Apparently I wasn't the only one getting a negative vibe from the Jockey Club Round Table conference. Matt Hegarty reported in the Daily Racing Form that some racing officials reacted with frustration at the portrayal of the sport and its ongoing reform efforts.
“I thought it was inexplicably negative, in both tone and tenor,” said Alan Foreman, chairman of the Thoroughbred Horsemen’s Association, a Mid-Atlantic-based group that has led the effort to obtain pledges from states to pass the uniform rules by Jan. 1. “Frankly, I can’t understand it. It was as if nothing is happening. They refused to even acknowledge that progress has been made.”And as Teresa reports in Bloodhorse, similar sentiments were expressed at Albany Law School's Racing and Gaming Institute conference in Saratoga on Tuesday.
Let's go back to Drape's article on the Round Table - we got no further than the headline in the last post. The article quite prominently features the results of a poll that the Jockey Club presented in order to make the case that illicit medication and cheating was having a direct and material effect on the industry's bottom line.
The poll found that when handicapping races at certain racetracks or in certain states, nearly four in five bettors — 79 percent — considered the possibility of illegal drug use.
By a 9 to 1 margin, bettors said they bet less, not more, because they had to factor in the possibility of illegal drug use. In the study of 816 committed bettors and handicappers nationally, the strongest advocates for change were those who bet more than $10,000 per month: 89 percent “strongly support” national uniform medication rules; 93 percent want those rules sooner.
“It is critically important that strict, uniform rules be adopted immediately because of the commercial consequences," said Robert Green of Penn Schoen Berland, which conducted the poll..
As Janney said after Green’s presentation, those who ignore the survey results are “numb, delusional, or possibly both.”Well, I read this stuff with interest because I've always been highly skeptical of the notion that the issue was doing significant damage to the bottom line. I can surely be wrong about that. And I definitely don't want to be numb and delusional. Or possibly both.
Green said the poll respondents were directed to the survey by the Horseplayers Association of North America and the sheet-maker Thoro-Graph, whose founders administer Internet sites that often encourage spirited commentary about drugs in racing.Oh. Well, that's a bit different than just a "study of 816 committed bettors and handicappers nationally." It's a study of 816 committed bettors and handicappers who frequent the HANA and Thoro-graph sites. I only know what I'm told about the latter, but I think it's pretty clear that people who visit HANA would tend to be more opinionated on the topics addressed in the poll than the general degenerate gambler population, and likely lean toward a more militant anti-drug stance; and please correct me if you think I'm wrong. So I think that's pretty significant information. If I was reading results of a poll showing overwhelming opposition to laws against assault weapons, wouldn't I want to know if the respondents were directed to the survey by the NRA?
I got a link to participate in the poll in the Horseplayers Assn of North America (HANA) newsletter, so I filled out the poll. Maybe HANA's membership was the whole sample. I think I could have filled out the survey multiples times if I wished. I didn't.And this:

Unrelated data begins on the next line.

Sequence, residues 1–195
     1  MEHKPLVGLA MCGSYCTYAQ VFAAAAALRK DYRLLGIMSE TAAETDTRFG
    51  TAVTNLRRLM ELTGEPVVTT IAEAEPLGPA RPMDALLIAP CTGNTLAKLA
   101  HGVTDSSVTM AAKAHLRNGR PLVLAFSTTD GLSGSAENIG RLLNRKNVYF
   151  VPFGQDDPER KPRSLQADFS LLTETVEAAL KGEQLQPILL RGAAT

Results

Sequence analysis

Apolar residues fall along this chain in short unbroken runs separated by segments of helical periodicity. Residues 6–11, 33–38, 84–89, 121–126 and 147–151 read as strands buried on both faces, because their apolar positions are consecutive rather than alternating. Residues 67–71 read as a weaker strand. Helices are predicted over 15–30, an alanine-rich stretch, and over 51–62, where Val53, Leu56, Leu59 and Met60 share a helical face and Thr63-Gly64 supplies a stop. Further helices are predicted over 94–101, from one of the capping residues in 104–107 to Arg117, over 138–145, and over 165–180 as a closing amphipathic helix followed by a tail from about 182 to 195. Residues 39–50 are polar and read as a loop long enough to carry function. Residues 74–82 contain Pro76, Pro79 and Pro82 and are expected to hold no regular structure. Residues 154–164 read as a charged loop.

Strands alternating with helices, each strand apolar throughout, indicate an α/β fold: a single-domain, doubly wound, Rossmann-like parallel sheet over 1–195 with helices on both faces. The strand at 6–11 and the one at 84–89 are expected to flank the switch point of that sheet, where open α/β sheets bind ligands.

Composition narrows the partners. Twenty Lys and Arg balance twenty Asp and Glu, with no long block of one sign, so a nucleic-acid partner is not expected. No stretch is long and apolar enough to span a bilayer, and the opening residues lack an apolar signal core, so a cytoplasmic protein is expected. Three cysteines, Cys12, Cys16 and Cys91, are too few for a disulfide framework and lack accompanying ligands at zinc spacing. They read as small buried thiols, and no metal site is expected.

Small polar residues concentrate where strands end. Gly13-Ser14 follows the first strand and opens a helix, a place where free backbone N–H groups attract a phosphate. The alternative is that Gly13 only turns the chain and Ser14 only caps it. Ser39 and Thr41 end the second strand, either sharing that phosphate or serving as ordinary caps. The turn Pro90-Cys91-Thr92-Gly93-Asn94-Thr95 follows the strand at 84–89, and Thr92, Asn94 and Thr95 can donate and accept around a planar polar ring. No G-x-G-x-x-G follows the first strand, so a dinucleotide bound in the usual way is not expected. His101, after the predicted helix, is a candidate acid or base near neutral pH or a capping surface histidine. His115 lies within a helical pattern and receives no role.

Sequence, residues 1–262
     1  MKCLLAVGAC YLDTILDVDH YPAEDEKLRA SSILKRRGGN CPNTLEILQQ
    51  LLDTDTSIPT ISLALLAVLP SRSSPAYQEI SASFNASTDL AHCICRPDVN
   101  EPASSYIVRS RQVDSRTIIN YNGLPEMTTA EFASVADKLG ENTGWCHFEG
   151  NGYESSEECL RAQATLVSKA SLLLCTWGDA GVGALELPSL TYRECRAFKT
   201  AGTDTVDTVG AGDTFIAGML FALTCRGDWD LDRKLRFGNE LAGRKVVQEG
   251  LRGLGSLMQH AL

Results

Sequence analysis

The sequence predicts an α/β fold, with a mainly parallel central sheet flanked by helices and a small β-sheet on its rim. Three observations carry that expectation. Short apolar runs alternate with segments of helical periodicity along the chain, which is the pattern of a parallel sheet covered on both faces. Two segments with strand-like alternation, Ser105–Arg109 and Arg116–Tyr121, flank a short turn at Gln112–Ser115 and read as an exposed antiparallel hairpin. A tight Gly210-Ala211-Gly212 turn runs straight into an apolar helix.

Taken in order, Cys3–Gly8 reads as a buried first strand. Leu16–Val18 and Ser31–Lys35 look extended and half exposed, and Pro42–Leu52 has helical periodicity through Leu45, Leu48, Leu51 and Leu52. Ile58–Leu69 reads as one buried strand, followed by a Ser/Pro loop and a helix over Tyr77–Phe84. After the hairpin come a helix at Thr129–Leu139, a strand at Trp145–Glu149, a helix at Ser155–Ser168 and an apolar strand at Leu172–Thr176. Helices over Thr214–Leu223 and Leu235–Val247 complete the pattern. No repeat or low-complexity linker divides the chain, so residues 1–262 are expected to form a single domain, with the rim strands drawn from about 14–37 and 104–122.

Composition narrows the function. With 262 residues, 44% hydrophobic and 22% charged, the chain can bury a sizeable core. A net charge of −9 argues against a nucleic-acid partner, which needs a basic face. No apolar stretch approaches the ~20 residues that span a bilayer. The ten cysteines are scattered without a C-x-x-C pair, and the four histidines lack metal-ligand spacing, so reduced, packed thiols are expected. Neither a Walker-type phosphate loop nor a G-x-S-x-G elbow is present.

Even though I agree with the Jockey Club's stance, I thought the poll was a clumsy, obviously biased exercise that looked like one of the polls that come with advocacy groups' fundraising letters. Everyone knows they just want your check, not your answers to obviously leading questions. The poll was that bad.
The poll results do reflect my own opinions and I'd be shocked if a real poll of horseplayers would yield very different results. But this poll was nonsense and Penn & Schoen should be ashamed of itself for presenting it as a legitimate public opinion sampling.
The survey asked if I thought drugs were bad. And I answered: "Yes". I do. Then it asked if I avoid tracks and races where drugs are prevalent. And I said: "Yes". This is partially true. Then it asked if I lower my play because of drugs. And I said: "Yes". That might have been a lie. My point is the survey was leading me in a direction........I felt I was not given a real opportunity to express what I thought was wrong with racing. Drugs are an issue; so I basically told them what was obvious. Do I think drug use is the most important issue that negatively affects horseracing? NO! To me, it's the quality of racing and the lack of focus on the customer.Well, I guess it's good in a way that the Jockey Club is learning the tricks of manipulating the press, and public opinion. It's a skill they could put to really good use some day. Put out some results of a poll that was apparently skewed both in substance, and subjects. And some newspaper out there which isn't necessarily interested in presenting a fair story on a topic on which it has made its agenda clear.....perhaps even the prestigious New York Times....will pick it up and report it as fact without bothering to dig any deeper (or to merely report the same quotes that Hegarty did). (And yes, we're holding the Times to a higher standard than the Paulick Report, on which the proprietor writes opinion pieces and at least allows free-wheeling discussion which, in this case, served towards repudiating that particular portion of his commentary.)
To be sure, I still could be dead wrong, numb, and delusional, and the gentlemen who speculated that a "real poll" would produce the same results could be right on. But the Jockey Club surely shouldn't have to resort to tacky polls to justify their efforts to clean up the sport. And the Times should surely hold itself to a far higher standard of journalism.